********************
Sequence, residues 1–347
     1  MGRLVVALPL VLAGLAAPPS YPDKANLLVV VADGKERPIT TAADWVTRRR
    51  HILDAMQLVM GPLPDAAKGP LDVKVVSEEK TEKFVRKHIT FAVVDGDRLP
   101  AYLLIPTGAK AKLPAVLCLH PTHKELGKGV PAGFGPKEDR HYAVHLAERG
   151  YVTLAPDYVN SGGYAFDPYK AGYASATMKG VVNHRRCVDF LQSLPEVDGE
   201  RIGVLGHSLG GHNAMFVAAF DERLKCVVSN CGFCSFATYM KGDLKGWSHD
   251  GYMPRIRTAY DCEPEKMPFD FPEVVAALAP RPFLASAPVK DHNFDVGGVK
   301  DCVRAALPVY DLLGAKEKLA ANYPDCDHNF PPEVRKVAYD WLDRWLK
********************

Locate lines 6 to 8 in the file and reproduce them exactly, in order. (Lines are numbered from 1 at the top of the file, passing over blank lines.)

   201  RIGVLGHSLG GHNAMFVAAF DERLKCVVSN CGFCSFATYM KGDLKGWSHD
   251  GYMPRIRTAY DCEPEKMPFD FPEVVAALAP RPFLASAPVK DHNFDVGGVK
   301  DCVRAALPVY DLLGAKEKLA ANYPDCDHNF PPEVRKVAYD WLDRWLK